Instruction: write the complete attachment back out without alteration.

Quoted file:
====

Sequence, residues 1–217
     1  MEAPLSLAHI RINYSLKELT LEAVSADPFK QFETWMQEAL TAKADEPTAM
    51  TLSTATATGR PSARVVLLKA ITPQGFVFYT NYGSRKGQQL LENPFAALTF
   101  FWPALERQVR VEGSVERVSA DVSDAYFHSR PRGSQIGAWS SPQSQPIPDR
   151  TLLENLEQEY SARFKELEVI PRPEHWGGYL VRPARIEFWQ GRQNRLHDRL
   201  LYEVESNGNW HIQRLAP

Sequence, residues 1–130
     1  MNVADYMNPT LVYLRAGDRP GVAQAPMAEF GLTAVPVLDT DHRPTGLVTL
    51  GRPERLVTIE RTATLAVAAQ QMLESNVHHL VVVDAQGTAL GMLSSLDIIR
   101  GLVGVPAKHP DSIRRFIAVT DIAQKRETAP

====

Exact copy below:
Sequence, residues 1–217
     1  MEAPLSLAHI RINYSLKELT LEAVSADPFK QFETWMQEAL TAKADEPTAM
    51  TLSTATATGR PSARVVLLKA ITPQGFVFYT NYGSRKGQQL LENPFAALTF
   101  FWPALERQVR VEGSVERVSA DVSDAYFHSR PRGSQIGAWS SPQSQPIPDR
   151  TLLENLEQEY SARFKELEVI PRPEHWGGYL VRPARIEFWQ GRQNRLHDRL
   201  LYEVESNGNW HIQRLAP

Sequence, residues 1–130
     1  MNVADYMNPT LVYLRAGDRP GVAQAPMAEF GLTAVPVLDT DHRPTGLVTL
    51  GRPERLVTIE RTATLAVAAQ QMLESNVHHL VVVDAQGTAL GMLSSLDIIR
   101  GLVGVPAKHP DSIRRFIAVT DIAQKRETAP